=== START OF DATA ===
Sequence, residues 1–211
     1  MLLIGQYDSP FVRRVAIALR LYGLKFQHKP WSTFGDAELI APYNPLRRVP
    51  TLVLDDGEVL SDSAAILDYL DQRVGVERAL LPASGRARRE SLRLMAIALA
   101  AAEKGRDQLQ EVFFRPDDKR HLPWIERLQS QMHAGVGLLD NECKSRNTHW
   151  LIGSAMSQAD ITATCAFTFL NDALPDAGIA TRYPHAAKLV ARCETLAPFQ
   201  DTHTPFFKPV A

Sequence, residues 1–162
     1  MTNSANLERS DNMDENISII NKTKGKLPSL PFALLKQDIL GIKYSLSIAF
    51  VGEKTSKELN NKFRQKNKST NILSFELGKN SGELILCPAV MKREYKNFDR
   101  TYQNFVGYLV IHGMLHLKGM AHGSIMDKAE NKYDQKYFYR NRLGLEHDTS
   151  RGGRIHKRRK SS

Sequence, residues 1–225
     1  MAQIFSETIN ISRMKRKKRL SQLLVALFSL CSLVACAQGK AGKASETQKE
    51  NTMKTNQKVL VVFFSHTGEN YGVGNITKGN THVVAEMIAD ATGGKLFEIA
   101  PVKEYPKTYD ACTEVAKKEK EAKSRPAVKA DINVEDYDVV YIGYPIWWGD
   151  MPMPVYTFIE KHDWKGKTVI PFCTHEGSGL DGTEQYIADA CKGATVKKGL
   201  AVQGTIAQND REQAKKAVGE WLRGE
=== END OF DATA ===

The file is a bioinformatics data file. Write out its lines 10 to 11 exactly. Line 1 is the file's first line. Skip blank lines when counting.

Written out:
   101  TYQNFVGYLV IHGMLHLKGM AHGSIMDKAE NKYDQKYFYR NRLGLEHDTS
   151  RGGRIHKRRK SS